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1. Paintings in the Temple of Theseus at Athens. -- It is true that the only authority for supposing him to have painted here at all is a conjectural emendationt of a passage of Harpocration; but the conjecture is so simple, arid agrees so well with what we know of the artist's history, and the only interpretation of the text as it stands is so forced, that we can hardly hesitate to admit the correction. Harpocration, followed by Suidas and Photius, says (s. v.) that Polygnotus obtained the citizenship of Athens, either because he painted the Stoa Poecile gratuitously, or, as others say, the pictures ἐν τῷ Θησαυρῷ καὶ τῷ Ἀνακείῳ. Now, we know that the Anaceium was the temple of the Dioscuri, but what was the Thesaurus? Böttiger (p. 270) replies, the public treasury in the Opisthodomus of the temple of Athena Polias. The objection, that it is strange that Polygnotus should have been employed to decorate the secret cluimber of the temple, Böttiger endeavours to obviate by referring to the paintings of Evanthes in the opisthodomus of the temple of Jupiter Casius, mentioned by Achilles Tatius (3.6), not a very good authority (see EVANTHES). It may also be objected that the name of Polygnotus is not mentioned in the extant inscription respecting the works of this temple. But it is perhaps enough to say that the conjecture is too violent to be admitted by itself; especially when it is contrasted vith the explanation of Reinesius, who, for ἐν τῷ Θησαυρῷ would read ἐν τῷ Θησέως ἱερῷ. Now, the temple of Theseus was built during the administration of Cimon, after the translation of the hero's remains from Scyros to Athens in B. C. 468. If, therefore, as is almost certain, Cimon brought Polygnotus with him from Thasos in B. C. 463, it would almost certainly be partly with a view to the decoration of this very temple. Pausanias, indeed, in his description of the temple (1.17.2), ascribes the paintings in it to Micon, but this is rather a confirmation of the argument than otherwise, for these two artists more than once assisted in decorating the same building. It is an obvious conjecture, from a comparison of the dates, that Micon was already employed upon the painting of the temple before the arrival of Polygnotus, who was then appointed to assist him. [Comp. MICON.]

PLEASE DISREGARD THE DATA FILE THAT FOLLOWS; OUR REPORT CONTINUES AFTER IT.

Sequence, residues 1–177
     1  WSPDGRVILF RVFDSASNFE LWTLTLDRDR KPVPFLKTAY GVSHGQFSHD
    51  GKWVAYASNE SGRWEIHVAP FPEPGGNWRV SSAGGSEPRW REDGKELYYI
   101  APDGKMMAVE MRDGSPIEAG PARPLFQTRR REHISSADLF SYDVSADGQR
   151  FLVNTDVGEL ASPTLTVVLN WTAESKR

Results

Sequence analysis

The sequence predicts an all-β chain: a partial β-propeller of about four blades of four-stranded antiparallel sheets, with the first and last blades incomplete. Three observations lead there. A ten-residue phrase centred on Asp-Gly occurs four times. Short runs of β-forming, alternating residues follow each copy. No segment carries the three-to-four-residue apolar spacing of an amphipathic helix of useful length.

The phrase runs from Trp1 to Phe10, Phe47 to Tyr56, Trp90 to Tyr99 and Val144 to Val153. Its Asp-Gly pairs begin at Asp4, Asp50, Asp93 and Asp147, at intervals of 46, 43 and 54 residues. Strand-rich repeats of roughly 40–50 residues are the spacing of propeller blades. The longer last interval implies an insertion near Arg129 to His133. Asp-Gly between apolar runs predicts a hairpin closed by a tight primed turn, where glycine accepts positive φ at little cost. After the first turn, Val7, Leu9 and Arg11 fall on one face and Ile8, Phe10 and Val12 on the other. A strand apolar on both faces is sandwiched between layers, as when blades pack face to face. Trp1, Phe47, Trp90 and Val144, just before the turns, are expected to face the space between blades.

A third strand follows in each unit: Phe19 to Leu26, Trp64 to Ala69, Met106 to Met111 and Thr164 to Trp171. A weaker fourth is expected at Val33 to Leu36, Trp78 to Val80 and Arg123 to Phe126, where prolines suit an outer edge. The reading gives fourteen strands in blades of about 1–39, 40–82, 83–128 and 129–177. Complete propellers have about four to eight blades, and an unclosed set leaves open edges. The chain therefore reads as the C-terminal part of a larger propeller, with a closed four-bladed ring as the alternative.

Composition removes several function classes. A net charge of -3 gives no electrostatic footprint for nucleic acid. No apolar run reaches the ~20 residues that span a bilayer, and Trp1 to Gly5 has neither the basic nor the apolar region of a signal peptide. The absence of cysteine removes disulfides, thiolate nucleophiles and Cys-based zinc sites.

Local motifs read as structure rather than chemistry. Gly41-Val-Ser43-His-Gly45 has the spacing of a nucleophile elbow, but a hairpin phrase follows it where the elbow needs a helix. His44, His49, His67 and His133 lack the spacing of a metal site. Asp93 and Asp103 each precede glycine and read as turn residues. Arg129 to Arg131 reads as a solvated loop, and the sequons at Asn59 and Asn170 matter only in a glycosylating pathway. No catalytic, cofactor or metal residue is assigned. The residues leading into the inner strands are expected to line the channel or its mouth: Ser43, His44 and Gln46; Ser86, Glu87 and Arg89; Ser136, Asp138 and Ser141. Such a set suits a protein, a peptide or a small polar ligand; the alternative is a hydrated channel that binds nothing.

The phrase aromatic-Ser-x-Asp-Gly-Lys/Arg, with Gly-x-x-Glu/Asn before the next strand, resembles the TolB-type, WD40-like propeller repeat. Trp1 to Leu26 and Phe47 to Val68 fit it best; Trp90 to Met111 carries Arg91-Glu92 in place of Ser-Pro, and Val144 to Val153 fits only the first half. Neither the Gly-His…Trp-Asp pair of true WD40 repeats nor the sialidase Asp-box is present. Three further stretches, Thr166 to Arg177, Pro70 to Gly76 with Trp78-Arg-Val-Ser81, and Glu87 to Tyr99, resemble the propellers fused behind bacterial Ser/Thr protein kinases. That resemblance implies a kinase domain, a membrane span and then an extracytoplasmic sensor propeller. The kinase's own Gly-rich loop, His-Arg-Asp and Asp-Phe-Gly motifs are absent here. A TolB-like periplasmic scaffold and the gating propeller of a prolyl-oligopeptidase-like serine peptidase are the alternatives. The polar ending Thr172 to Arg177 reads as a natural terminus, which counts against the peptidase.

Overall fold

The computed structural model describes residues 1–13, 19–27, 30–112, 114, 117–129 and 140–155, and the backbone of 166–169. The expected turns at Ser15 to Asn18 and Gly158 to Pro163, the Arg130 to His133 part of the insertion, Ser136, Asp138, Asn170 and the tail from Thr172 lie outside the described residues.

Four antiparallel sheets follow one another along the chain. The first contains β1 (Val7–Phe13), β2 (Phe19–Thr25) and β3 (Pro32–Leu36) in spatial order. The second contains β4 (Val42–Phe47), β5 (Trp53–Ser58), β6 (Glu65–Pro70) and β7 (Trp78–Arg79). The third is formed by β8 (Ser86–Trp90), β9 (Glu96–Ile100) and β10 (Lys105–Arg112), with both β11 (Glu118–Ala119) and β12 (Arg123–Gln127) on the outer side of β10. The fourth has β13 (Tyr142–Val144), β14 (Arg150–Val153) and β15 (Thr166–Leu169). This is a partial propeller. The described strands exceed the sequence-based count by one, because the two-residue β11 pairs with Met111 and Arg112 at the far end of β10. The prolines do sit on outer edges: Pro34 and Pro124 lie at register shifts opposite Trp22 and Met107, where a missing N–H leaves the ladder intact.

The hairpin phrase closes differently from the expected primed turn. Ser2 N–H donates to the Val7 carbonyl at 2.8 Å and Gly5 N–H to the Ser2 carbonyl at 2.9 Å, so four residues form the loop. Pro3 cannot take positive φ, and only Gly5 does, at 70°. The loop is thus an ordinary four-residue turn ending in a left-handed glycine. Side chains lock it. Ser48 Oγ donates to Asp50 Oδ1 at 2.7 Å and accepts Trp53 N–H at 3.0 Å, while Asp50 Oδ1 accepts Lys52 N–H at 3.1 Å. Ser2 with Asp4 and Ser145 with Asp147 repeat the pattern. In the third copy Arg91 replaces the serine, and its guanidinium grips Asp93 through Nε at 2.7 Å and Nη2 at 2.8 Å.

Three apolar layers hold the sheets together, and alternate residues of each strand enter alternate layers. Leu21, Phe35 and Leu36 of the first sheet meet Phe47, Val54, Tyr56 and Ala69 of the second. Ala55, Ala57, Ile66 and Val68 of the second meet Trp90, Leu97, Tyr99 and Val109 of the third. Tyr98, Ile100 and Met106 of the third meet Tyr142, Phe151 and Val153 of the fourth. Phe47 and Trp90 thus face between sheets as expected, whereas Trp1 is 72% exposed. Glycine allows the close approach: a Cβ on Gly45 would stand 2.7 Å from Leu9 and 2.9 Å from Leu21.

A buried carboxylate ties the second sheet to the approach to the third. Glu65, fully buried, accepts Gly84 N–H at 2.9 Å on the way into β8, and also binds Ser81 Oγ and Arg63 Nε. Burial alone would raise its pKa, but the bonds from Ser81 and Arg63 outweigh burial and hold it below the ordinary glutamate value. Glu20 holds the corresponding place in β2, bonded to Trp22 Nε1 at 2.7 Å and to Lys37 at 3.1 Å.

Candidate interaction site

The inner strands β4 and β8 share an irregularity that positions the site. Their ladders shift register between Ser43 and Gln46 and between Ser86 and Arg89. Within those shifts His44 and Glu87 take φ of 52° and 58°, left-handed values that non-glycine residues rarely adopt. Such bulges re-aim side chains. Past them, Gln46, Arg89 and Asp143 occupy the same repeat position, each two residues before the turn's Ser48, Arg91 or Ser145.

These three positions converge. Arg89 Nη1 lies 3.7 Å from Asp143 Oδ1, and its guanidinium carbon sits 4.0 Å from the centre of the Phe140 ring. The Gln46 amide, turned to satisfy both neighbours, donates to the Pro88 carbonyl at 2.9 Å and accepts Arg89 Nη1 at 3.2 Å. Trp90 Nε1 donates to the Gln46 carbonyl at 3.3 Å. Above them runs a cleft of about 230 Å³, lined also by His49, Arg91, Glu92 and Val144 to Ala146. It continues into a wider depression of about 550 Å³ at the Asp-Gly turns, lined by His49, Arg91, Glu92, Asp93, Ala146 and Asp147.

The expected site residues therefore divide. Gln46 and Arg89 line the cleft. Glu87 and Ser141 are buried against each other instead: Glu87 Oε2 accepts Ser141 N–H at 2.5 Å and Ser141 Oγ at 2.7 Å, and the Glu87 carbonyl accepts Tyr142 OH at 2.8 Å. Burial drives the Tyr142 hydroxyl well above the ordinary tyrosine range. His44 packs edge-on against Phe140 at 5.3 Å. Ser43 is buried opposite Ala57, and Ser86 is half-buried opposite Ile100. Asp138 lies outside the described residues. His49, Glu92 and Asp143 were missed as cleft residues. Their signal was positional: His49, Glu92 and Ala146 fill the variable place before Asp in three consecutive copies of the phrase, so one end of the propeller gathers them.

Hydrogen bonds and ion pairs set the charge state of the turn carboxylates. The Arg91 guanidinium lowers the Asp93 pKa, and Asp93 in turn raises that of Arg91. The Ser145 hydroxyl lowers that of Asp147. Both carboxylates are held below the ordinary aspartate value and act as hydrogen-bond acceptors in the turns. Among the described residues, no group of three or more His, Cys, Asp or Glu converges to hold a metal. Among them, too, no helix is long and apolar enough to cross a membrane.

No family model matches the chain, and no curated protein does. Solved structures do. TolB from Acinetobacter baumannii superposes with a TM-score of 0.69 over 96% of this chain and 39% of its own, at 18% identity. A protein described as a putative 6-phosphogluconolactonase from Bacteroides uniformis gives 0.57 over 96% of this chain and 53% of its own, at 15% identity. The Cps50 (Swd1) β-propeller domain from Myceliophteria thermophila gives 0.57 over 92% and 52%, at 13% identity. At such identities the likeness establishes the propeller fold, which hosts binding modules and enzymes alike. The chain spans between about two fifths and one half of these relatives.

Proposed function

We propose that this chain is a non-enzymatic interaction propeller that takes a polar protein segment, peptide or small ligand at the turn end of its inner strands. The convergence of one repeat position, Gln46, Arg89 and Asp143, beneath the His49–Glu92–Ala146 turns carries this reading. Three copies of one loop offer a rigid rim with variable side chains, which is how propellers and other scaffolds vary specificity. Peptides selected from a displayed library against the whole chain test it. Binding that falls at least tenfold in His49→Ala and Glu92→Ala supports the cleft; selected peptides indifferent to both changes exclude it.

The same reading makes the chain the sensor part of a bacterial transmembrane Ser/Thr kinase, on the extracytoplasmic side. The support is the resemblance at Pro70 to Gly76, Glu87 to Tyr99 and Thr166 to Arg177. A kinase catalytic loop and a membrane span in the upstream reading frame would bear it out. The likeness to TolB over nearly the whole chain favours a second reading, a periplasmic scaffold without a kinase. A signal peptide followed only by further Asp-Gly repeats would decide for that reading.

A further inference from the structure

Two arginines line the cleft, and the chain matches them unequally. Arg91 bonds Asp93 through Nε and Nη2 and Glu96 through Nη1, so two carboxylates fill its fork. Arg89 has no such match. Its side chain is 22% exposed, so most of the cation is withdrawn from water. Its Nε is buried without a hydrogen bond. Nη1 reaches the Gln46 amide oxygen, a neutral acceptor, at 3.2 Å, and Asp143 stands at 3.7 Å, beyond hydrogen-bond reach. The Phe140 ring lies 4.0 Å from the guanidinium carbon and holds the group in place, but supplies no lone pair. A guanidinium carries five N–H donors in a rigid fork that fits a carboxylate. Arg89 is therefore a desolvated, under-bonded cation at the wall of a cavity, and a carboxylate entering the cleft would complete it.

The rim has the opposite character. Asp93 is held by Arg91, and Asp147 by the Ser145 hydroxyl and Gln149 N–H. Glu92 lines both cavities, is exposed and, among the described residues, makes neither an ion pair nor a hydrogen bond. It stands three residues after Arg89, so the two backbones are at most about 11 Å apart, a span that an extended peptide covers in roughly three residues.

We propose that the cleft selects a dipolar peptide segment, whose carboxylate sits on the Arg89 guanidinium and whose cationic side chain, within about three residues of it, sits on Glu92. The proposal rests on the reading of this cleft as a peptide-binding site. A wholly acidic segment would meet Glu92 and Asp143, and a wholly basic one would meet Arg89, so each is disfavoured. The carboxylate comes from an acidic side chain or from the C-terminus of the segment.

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468 BC (1)
463 BC (1)
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